2019 saw the return of Cardiff Science festival and also the very first event that the MicroScientist team volunteered in. A fantastic opportunity to showcase a range of scientific activities; introducing microorganisms, fluorescing hands, and healthcare and diagnostics!
We had a huge space to use, which included a chalkboard wall and a sink so we had plenty of activities which could fully make use of the space we were given. We took with us two activities; Body Bugs (making use of fluorescent ‘germs’ and the hand washing activity) and Meet the Microbes (introducing people to microbiology). The team switched between these and the other general activities on offer, including the chalkboard wall and the IBMS stand which had a couple of activities to demonstrate what is analysed in a blood test.
Jabur expertly ran the hand washing station which proved to be incredibly popular, and was also the highlighted activity in pre-event promotion on social media. It was a very busy activity; something visual to help demonstrate and explain the importance of hand hygiene and infection control. Our favourite comment of the day for this activity was “I liked doing the handwashing thing. I learnt that bacteria is everywhere.” The general feeling in the team was that this activity is something we can take elsewhere as we branch out more into public engagement.
Daniel and Alex did a grand job looking after the Meet the Microbes activity, making good use of the Giant Microbes, and their expertise in a range of microorganisms. The giant microbes are great at drawing people in because they all look so cute (until you find out what disease they can cause!!!). This was also such a busy bench and extremely important to show and explain how not all microbes are bad, but how some are useful and actually important to our health. Another young visitor who came to see the MicroScientist activities said “I like cheese. Microbes are good”. The chalkboard wall was quite a hit as children were drawn around and then were able to stick organs on the outline of their body. It was a simple but effective way to look at anatomy and explain the function of some organs, children could use as many of the images to stick as they liked, whereas younger children used the brain, lungs, heart and kidneys. This was really good for engaging with parents of those children too, with good dialect between parent and child to discuss the correct positioning of the organs, but also the observed mutual benefit where the parents and children alike learned something from these activities, and even some of the scientists learnt a thing or two!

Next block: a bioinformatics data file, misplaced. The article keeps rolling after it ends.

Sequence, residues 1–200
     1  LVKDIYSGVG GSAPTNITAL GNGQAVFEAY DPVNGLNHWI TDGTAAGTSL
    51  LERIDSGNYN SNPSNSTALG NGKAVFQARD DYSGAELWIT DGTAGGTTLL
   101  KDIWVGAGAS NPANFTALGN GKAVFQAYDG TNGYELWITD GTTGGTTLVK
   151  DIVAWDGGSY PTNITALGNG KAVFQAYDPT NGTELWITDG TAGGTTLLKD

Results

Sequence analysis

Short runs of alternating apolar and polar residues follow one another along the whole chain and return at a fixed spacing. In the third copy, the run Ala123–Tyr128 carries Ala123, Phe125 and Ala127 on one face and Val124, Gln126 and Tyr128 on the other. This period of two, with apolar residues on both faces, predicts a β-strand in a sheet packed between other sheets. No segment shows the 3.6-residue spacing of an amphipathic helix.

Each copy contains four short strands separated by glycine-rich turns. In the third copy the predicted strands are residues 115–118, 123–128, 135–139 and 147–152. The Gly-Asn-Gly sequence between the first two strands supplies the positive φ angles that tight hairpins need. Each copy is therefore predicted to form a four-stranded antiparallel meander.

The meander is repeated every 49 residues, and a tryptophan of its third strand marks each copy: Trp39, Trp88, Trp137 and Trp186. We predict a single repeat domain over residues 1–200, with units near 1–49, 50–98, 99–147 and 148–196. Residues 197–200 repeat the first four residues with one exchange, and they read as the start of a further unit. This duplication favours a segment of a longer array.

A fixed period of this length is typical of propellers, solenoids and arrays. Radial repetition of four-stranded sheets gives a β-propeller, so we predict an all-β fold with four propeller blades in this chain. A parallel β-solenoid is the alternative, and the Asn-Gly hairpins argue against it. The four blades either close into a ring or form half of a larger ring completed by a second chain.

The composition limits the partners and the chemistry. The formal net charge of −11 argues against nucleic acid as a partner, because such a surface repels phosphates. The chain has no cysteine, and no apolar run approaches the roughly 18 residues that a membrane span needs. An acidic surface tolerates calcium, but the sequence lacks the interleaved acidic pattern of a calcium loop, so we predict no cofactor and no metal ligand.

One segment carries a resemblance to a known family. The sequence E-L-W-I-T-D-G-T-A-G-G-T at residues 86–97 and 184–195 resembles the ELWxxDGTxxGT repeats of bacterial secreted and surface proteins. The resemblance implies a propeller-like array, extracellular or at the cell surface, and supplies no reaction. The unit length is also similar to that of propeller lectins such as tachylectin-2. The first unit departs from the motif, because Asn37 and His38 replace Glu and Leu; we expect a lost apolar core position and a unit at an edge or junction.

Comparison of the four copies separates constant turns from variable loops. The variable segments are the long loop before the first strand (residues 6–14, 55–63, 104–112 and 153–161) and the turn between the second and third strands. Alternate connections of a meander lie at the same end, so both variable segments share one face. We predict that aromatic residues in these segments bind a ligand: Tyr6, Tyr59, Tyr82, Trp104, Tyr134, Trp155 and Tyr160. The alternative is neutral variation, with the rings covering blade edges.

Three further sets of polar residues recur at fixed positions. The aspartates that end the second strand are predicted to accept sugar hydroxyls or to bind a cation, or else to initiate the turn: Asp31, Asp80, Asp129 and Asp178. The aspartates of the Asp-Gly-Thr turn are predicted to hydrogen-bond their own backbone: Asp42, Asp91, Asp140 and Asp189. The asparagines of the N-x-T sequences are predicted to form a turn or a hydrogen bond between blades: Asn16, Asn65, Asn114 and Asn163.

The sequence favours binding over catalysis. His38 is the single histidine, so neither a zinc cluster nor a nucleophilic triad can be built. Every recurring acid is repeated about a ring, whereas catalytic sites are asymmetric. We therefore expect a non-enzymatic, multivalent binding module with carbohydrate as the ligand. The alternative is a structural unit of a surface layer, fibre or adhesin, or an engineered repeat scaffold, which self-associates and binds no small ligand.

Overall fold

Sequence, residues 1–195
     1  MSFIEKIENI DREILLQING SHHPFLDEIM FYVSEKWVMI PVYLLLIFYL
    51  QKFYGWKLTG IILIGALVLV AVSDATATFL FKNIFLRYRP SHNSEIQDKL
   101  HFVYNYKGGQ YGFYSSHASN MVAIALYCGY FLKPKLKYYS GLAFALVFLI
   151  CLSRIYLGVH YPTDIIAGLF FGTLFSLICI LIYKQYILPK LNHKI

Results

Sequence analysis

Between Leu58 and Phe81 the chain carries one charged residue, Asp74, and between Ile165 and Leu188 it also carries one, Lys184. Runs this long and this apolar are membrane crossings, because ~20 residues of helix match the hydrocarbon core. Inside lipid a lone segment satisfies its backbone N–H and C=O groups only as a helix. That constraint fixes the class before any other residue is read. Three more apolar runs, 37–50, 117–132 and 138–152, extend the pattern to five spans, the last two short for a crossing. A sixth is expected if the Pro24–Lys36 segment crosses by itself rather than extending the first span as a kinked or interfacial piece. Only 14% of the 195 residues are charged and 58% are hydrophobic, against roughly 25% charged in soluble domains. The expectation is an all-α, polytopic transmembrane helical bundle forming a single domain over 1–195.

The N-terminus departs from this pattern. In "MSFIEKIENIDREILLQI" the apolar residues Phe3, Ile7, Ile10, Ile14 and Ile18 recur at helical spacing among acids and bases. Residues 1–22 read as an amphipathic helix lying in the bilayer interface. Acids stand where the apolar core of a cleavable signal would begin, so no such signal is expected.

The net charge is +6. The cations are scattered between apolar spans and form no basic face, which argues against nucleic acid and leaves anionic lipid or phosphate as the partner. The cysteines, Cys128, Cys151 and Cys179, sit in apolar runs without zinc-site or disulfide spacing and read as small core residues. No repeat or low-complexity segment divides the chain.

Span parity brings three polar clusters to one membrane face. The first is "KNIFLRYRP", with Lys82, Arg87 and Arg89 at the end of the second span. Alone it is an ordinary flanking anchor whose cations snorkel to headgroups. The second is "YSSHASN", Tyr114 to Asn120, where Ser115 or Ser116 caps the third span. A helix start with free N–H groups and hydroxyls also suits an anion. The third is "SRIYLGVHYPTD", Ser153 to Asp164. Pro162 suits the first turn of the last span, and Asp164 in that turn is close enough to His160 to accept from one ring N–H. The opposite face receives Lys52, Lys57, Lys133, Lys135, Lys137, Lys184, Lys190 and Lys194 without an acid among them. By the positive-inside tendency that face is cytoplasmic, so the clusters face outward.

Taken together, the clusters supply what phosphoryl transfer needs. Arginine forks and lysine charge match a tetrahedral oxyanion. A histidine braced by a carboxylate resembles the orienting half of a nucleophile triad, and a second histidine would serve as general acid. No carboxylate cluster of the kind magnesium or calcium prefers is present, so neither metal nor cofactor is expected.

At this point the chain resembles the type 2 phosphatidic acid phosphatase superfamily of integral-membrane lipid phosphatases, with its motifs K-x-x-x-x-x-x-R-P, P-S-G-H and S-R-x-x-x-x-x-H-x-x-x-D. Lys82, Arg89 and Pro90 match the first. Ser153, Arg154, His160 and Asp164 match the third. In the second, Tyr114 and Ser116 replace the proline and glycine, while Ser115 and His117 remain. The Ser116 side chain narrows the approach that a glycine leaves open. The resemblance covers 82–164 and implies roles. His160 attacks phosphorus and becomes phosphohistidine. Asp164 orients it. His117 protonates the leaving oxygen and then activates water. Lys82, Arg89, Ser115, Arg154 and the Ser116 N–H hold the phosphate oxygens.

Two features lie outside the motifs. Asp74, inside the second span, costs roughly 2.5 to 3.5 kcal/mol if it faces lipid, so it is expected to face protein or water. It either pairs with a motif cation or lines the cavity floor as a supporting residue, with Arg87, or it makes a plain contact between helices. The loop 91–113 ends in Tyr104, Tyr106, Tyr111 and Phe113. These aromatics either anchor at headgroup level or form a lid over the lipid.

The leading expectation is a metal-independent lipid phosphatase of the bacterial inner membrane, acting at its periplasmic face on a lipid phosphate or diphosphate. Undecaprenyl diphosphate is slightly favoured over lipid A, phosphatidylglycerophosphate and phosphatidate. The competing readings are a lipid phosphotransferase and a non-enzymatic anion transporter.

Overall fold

Lastly, Ed, in between spending time at the Body Bugs and Meet the Microbes activities, was working with me as I had a few things set up as part of the Institute of Biomedical Sciences (IBMS). As a laboratory worker in a clinical diagnostics lab, it was important for me to showcase the role of a diagnostic lab within the NHS to the general public. We’re very often underacknowledged in the grand scheme of healthcare, but do play an important role in the majority of clinical decisions. I had a small set up to showcase magnetic cereal (demonstrating the iron content of wholegrain cereals), and I think most people were quite shocked and a few were disgusted that there was metal in their food, until I explained the role of iron in the body and it’s importance as one of the tests carried out in a haematology lab. Another small activity was explaining how carbon dioxide can affect pH; using still and sparkling water then getting the visitors to use litmus paper and see the difference. Seeing is believing, and it is very often easier to describe, demonstrate and discuss complex things like this when there is even a simple activity or visual aid.
Overall it was a hugely successful first event for us and has got us excited about what is next as far as MicroScientists goes in public engagement events. We gave out free sheets of colouring in, cutting and sticking and ‘science at home’ experiments so everyone could continue their science discovery after visiting us. There was so much incredible feedback from the children and their family, and it was great to be able to share our knowledge and engage people in what we do.